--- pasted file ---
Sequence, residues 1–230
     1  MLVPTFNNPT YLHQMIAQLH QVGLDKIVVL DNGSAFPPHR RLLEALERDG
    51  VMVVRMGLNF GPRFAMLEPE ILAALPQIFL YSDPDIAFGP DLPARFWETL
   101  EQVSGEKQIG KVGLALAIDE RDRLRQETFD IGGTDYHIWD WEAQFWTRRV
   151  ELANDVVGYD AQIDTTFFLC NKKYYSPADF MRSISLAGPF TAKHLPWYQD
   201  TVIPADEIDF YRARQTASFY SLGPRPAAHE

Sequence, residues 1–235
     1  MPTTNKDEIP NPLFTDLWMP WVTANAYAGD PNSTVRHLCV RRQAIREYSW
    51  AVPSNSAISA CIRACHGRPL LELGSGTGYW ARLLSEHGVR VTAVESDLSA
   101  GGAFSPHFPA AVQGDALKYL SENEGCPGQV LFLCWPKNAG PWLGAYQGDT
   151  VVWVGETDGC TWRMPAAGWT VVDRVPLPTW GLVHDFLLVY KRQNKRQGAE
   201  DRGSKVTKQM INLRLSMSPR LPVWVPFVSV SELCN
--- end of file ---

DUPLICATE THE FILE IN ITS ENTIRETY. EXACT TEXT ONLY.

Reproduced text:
Sequence, residues 1–230
     1  MLVPTFNNPT YLHQMIAQLH QVGLDKIVVL DNGSAFPPHR RLLEALERDG
    51  VMVVRMGLNF GPRFAMLEPE ILAALPQIFL YSDPDIAFGP DLPARFWETL
   101  EQVSGEKQIG KVGLALAIDE RDRLRQETFD IGGTDYHIWD WEAQFWTRRV
   151  ELANDVVGYD AQIDTTFFLC NKKYYSPADF MRSISLAGPF TAKHLPWYQD
   201  TVIPADEIDF YRARQTASFY SLGPRPAAHE

Sequence, residues 1–235
     1  MPTTNKDEIP NPLFTDLWMP WVTANAYAGD PNSTVRHLCV RRQAIREYSW
    51  AVPSNSAISA CIRACHGRPL LELGSGTGYW ARLLSEHGVR VTAVESDLSA
   101  GGAFSPHFPA AVQGDALKYL SENEGCPGQV LFLCWPKNAG PWLGAYQGDT
   151  VVWVGETDGC TWRMPAAGWT VVDRVPLPTW GLVHDFLLVY KRQNKRQGAE
   201  DRGSKVTKQM INLRLSMSPR LPVWVPFVSV SELCN